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Clinical profile of post-vaccination COVID-19-positive patients
Rajas Walinjkar, Smita S Chavhan, Balkrishna Adsul, Prasad T Dhikale, Rashmi H Shinde, Chinmay Gokhale, Aniket Ingale, Pradnya N Pawar
July-September 2021, 9(3):107-112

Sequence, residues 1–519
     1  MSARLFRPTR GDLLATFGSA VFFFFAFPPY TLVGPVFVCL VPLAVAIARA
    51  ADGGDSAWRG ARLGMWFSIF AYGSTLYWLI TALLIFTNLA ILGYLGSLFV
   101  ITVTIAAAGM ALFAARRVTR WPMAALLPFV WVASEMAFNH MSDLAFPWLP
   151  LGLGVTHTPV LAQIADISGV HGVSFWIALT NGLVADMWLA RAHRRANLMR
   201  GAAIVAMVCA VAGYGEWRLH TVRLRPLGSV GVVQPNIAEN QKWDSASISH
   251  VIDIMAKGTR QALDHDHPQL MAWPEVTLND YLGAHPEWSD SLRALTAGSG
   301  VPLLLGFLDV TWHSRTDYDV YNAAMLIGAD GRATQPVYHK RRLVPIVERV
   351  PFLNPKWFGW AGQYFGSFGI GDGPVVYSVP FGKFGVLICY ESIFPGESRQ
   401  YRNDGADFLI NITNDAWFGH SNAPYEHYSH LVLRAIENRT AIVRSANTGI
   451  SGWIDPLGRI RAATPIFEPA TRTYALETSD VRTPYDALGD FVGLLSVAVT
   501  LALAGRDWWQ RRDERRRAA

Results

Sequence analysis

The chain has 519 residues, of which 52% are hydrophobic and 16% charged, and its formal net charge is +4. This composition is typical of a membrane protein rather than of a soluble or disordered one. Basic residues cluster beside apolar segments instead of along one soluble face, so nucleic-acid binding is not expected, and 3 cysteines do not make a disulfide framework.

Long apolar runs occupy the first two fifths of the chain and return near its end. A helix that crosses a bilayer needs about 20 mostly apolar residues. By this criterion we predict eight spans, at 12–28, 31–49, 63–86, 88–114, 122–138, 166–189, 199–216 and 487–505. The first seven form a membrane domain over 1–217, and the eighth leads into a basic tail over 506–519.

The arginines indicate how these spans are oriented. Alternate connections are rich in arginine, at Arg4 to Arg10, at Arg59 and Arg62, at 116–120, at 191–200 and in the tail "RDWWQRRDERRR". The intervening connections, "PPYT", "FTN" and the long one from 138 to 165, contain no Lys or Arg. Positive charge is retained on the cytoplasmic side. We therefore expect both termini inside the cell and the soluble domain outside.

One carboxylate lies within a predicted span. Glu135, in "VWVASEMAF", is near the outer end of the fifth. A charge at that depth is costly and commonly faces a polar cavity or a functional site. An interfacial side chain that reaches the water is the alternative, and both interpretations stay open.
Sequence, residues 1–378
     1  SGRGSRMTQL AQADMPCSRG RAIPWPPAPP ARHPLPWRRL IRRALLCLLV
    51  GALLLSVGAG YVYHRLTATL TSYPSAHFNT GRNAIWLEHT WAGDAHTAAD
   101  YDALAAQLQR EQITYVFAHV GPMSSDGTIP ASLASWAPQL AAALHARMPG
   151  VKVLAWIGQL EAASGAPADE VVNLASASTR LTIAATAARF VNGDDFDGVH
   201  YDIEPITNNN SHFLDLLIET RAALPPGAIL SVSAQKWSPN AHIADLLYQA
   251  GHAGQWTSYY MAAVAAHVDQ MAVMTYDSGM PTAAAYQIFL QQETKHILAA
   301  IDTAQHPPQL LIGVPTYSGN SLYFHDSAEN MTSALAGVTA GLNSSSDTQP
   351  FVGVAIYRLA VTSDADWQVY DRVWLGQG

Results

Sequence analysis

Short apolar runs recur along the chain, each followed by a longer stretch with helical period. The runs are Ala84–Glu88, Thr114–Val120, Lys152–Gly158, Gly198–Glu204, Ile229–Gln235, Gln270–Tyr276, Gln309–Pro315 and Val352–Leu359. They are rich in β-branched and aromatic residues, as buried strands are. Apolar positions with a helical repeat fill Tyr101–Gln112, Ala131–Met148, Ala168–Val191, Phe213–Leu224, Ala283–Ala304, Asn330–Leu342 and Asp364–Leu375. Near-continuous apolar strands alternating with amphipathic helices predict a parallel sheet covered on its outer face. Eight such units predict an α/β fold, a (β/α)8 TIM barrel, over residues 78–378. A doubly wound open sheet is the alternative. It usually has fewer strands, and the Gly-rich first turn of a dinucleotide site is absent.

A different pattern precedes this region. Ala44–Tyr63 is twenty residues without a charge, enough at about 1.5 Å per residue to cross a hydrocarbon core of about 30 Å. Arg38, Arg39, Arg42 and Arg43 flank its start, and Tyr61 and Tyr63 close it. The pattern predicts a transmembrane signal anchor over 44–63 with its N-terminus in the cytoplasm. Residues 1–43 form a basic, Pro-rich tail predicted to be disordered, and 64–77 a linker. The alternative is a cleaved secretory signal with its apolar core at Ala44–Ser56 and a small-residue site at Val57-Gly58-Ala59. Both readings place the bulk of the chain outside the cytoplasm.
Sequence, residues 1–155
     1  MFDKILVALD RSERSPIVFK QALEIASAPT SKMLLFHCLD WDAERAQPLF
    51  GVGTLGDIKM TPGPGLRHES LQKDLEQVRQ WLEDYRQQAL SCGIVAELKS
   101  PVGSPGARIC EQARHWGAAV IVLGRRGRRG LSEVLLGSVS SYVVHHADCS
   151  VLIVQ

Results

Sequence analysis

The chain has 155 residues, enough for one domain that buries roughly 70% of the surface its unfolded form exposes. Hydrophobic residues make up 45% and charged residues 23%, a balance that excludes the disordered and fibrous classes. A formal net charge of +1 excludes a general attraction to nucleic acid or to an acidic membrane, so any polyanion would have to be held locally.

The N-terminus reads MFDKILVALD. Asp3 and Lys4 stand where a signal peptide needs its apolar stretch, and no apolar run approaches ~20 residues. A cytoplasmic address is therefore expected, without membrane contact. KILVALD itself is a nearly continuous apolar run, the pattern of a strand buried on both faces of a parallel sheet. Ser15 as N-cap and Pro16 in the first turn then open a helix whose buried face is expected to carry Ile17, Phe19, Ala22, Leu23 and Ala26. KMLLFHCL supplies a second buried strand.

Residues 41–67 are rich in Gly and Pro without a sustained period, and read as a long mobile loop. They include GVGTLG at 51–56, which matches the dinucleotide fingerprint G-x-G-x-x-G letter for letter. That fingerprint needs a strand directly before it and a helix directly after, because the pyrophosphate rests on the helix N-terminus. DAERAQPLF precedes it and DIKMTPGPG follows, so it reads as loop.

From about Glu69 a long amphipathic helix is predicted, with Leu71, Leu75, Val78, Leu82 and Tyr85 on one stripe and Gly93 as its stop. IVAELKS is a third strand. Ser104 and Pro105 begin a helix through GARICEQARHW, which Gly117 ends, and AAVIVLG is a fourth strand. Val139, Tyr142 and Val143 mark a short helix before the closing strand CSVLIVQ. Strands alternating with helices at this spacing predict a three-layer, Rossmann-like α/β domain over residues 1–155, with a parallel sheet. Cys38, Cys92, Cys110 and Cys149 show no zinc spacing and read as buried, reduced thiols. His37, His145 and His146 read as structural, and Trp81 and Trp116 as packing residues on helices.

Background: Government of India launched the National COVID Vaccination Program with two vaccines, BBV152 (Covaxin) and AZD1222-ChAdOx1-S (Covishield). Both these vaccines have shown an efficacy of 78% and 63.1%, respectively, in clinical trials. It is evident that there still will be post-vaccination COVID-19-positive patients. However, there are no data regarding the severity and clinical profile of these vaccines in real world scenario. Hence, through this study, we aimed to assess clinical profile of patients of COVID-19 post-vaccination and evaluate the severity of the disease. Materials and Methods: This hospital-based cross-sectional study was done in a dedicated COVID Hospital with 1800 beds including 350 ICU beds after an Institutional Ethics Committee (IEC) approval. Confirmed COVID-19 RT–PCR-positive patients admitted to the DCH from March 10, 2021 to May 10, 2021 were asked history of vaccination and subjected to a predesigned standardized study proforma. Blood investigations were done at regular intervals. Regular standard of care was given to all patients. All cases post AZD1222 (Covishield) vaccine were categorized into two groups depending on the number of doses received and the data were statistically analyzed. Conclusion: As demonstrated by biochemical and radiological evaluation, two doses of the vaccine significantly reduced the severity of COVID-19 disease compared with a single dose, reducing the need for treatment interventions and also reducing the duration of hospitalization.